* Becoming a connoisseur - You can tell an Idaho potato connoisseur because he or she will never open a baked potato with a knife. Instead, the connoisseur will poke a zigzag pattern into the top of the potato with a fork, then will press the ends of the potato together to open and "blossom" the potato. The connoisseur recognizesthat the blade of a knife flattens the surface and alters the premiumfluffy texture of the properly prepared Idaho potato.-source Idaho Potato Commision

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Little Known Facts

Today potatoes are grown in all 50 states of the USA and in about 125 countries throughout the world.

 The sweet potato belongs in the same family as morning glories while the white potato belongs to the same group as tomatoes, tobacco, chile pepper, eggplant and the petunia.

     The potato is about 80% water and 20% solids.

     The world's largest potato chip (on exhibit at the Potato Expo) was producedby the Pringle's Company in Jackson, TN in 1990. It measures 23" x 14.5".

     An 8 ounce baked or boiled potato has only about 100 calories.

     The average American eats about 124 pounds of potatoes per year whileGermans eat about twice as much.

     In 1974, an Englishman named Eric Jenkins grew 370 pounds of potatoes from one plant.

     Thomas Jefferson gets the credit for introducing "french fries" to America when he served them at a White House dinner.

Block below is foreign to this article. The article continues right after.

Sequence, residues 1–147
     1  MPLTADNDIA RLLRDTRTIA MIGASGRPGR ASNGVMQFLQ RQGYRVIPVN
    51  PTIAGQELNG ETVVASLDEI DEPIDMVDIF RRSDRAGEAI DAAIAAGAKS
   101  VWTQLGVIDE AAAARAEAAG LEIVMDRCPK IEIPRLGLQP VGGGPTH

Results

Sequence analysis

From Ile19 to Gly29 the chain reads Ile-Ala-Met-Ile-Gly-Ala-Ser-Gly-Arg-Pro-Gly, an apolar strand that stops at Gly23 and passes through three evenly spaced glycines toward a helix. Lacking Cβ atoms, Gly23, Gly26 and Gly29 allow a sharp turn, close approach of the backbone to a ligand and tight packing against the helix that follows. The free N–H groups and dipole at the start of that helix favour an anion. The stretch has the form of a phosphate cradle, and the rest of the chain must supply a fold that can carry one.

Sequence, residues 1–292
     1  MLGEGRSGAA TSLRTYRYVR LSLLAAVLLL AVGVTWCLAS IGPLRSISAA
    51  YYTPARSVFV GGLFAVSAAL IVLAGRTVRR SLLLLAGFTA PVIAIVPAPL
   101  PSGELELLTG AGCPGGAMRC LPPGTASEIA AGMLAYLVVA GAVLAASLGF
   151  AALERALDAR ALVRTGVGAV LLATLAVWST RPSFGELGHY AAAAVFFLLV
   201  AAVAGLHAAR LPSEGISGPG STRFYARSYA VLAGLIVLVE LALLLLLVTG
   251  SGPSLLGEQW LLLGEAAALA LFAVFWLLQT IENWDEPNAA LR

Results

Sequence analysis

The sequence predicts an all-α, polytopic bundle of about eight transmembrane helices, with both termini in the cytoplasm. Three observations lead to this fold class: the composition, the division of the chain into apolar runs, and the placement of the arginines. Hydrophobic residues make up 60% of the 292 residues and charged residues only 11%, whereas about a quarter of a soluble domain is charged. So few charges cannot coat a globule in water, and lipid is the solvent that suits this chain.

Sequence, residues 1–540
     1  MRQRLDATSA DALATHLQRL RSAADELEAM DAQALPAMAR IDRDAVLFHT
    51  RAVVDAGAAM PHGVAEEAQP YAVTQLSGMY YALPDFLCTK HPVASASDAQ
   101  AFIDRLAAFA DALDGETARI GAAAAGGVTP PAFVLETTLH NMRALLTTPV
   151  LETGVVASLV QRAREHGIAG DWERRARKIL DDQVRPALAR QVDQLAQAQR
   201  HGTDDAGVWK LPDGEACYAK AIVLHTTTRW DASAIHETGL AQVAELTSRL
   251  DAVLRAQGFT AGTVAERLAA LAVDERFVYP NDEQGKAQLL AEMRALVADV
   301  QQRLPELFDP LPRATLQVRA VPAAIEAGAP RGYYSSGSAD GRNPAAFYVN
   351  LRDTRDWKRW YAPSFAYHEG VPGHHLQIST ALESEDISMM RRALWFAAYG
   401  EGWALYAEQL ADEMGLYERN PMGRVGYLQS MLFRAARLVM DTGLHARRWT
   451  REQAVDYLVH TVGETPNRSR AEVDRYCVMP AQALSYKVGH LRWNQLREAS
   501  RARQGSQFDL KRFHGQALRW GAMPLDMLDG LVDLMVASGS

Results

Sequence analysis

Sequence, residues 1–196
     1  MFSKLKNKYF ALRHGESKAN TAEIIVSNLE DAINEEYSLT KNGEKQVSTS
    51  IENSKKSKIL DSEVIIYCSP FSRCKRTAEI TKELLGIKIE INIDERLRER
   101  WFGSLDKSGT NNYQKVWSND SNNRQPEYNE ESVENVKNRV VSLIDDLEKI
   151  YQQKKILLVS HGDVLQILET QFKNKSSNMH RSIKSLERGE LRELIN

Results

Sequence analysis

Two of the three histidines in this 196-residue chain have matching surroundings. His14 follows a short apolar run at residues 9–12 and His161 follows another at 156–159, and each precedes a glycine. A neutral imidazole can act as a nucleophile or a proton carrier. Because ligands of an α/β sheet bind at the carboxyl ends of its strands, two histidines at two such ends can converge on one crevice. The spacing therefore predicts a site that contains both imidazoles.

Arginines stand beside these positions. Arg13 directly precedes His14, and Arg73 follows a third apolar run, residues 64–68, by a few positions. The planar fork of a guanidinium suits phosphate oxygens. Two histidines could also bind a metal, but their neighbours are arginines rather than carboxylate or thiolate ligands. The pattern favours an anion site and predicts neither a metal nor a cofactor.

According to the Guinness Book of World Records, the largest potato grown
     was 7 pounds 1 ounce by J. East (1953) and J. Busby (1982) of Great Britain.
-Source =Potato Expo

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Potato Production Facts

Date: June 19, 1996

 Potato is the fourth most important food crop in the world after wheat, rice, and maize. Potato production represents roughly half of the world's annual output of all roots and tubers. Since the early 1960's, the percentage increase in area planted in developing countries has been higher than for any other major food crop. Production increases have been second only to wheat.

 Potato originated in the highlands of South America, most likely in the area now bordering Lake Titicaca. The Spanish introduced it in Europe in the 16th century as a botanical curiosity rather than a source of food.